So, I'm waiting for my drink and in succession three people come up to me. "Do you have the Updike poetry book?" "Yes" "Are you sure?" Well, I haven't actually had my coffee, but we had the Updike when I closed last night. Out comes the notebook. Updike for Sheldon. Someone else asks if new Percy Jackson is out yet and could I save one. I make another note: Olympians for Reg. Then Gail comes over and tells me she's decided to order that bird book for her nephew after all. She doesn't remember the title, but I do, I think. I make another note. I've been out and about less than five minutes and I've already taken three special orders.

  10. A Good Blog Endures and Grows

    In the 2+ years of ShelfTalker, their page view metrics have been consistently growing. It's a beautiful upward curve when you graph it out. I think that even for niche B2B blogs, that you can always increase your audience size.

    What is most interesting is a recent transition that occurred on the blog. Alison had been the sole author since launch, but earlier this year, handed over the reins to Elizabeth and Josie. Would readers follow Elizabeth and Josie as strongly as they followed Alison? Would Alison's experiences in the book world go from transparent to opaque?

    The strength of the blog and community lead to good things. Alison has continued to share her experiences on the blog several times a month, and ShelfTalker readers have welcomed Elizabeth and Josie on board. A positive blog leads to positive experiences.

I couldn't discuss ShelfTalker without mentioning the efforts and support of Diane Roback, Childrens Book Editor for Publishers Weekly. She is the primary mover in helping to create and support this blog, and is a great resource to Elizabeth, Josie and Alison.

Thanks so much to Diane, Alison, Elizabeth and Josie for creating such wonderful blog!

Top News Items of the Week

  1. Most Dead Newspapers Not Doing Well Online
    A look at the progress of newspapers that have ended their print edition in order to focus online.

  2. Average Twitter user has 126 followers, and only 20% of users go via website
    "Only 20% of its traffic comes through the Twitter website; the other 80% (logically) comes from third-party programs on smartphones or computers. So if you're looking at Twitter stats on your website, you're probably underestimating that source of traffic by a factor of five."

  3. Bit.ly's Grand Plans, And Their Inevitable Clash With Digg: Bitly Now
    "Digg shows popular links based on what people vote on, filtered massively for fraud. The Digg home page is populated with the top stories voted on by Digg users. But only 20,000 or so new links a day are submitted to Digg (compare that to 2-3 million for Bit.ly). And Digg has to constantly fight users who try to game the system and get access to home page traffic. They also rely on users to categorize links and provide other metadata about the stories."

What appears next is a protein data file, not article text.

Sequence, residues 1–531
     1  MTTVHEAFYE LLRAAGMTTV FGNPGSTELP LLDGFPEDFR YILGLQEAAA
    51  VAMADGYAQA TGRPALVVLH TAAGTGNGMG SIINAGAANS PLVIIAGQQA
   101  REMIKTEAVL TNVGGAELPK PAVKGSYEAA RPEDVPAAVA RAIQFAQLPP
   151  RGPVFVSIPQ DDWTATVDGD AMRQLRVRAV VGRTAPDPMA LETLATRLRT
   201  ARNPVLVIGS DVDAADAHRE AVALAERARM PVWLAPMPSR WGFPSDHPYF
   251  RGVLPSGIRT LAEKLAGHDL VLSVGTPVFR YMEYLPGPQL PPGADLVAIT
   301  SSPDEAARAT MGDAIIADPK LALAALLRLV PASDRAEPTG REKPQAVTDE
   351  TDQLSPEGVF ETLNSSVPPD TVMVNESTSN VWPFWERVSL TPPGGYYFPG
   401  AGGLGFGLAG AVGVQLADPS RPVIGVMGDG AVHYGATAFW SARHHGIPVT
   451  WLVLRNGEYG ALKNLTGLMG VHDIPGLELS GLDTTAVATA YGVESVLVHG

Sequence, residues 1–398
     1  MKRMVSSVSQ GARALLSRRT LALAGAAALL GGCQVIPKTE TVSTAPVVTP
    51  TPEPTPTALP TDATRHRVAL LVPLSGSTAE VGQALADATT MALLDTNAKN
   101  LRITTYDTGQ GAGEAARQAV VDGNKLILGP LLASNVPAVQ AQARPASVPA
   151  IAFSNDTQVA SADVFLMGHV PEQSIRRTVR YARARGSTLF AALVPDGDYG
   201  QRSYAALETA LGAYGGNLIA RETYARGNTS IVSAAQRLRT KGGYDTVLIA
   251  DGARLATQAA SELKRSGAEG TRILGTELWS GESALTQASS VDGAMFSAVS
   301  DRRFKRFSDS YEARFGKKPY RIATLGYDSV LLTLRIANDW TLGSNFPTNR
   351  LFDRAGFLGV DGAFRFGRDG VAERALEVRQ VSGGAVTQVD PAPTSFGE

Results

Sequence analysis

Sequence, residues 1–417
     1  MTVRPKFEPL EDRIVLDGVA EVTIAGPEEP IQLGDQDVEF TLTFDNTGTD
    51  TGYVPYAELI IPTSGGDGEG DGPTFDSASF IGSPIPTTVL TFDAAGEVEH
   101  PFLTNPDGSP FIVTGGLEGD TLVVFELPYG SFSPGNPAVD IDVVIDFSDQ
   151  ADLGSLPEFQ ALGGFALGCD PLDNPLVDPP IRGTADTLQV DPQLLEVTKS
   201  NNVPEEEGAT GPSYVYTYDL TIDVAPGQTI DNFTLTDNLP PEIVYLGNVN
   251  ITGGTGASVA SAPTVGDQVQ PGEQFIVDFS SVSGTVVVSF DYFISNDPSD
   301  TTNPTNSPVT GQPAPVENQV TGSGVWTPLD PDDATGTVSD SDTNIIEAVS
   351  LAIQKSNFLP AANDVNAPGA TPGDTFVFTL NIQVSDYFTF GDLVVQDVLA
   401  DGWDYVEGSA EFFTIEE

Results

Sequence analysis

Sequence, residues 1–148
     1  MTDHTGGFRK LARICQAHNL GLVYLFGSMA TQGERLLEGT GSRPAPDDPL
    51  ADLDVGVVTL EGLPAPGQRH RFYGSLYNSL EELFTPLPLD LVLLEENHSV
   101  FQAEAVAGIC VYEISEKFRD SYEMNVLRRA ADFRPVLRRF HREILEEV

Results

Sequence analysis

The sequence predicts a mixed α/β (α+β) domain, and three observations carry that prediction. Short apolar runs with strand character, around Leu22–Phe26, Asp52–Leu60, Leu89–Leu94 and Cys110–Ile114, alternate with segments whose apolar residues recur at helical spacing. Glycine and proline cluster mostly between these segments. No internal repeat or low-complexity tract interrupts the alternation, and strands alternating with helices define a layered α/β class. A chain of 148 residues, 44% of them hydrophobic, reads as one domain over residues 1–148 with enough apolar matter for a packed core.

4. Top 6 User Testing Mistakes and How to Avoid Them
    How to understand what your customers really think about your products.

  5. Search is Generating the Bulk of B2B Leads - But How Good are They?
    "The success of a marketing program is too often judged by the quantity, rather than the quality, of leads produced. But when it comes to converting leads to revenue, the sales force will tell you that more isn't necessarily better - better is better."

  6. In Iran, Journalism Makes Use of Unverified News
    "It's incredible, the volume of stuff coming out" from Iran, said Matthew Weaver, who sounded exhausted Thursday evening after blogging for more than 10 days for The Guardian newspaper's Web site. When rallies and conflicts occur "first the tweets come, then the pictures, then the YouTube videos, then the wires," he said. "It's extraordinary." Most important, he said, what people are saying "at one point in the day is then confirmed by more conventional sources four or five hours later."

  7. The future of ad networks and display advertising
    "As many analysts and industry insiders are quick to point out, although the rates of inventory may be decreasing and the market growth rate has stalled, it's not all doom and gloom. In fact, there is a sense of renaissance in the sector because innovation is blossoming."

  8. The Top 10 Twitter SEO Tips
    "With all the rumors suggesting that Google will soon offer real-time search capabilities, indexing Tweets and other real-time web data, now is a good time to take a closer look at your Twitter presence. Even now, what you tweet can be held against you on the engines, although it can also work to your advantage."

  9. Keeping News of David Rohde's Kidnapping Off Wikipedia
    "For seven months, The New York Times managed to keep out of the news the fact that one of its reporters, David Rohde, had been kidnapped by the Taliban. But that was pretty straightforward compared with keeping it off Wikipedia... Details of his capture cropped up time and again, however briefly, showing how difficult it is to keep anything off the Internet -- even a sentence or two about a person who is not especially famous."

  10. Facebook to Emulate Twitter's Follower Model With Profile Fans
    "Could it be that you will soon be able to have followers, not just friends, on Facebook too? That definitely appears to be the case. Just take a look at your email notification settings for a little proof."

Just for Fun (LEGO Michael Jackson edition)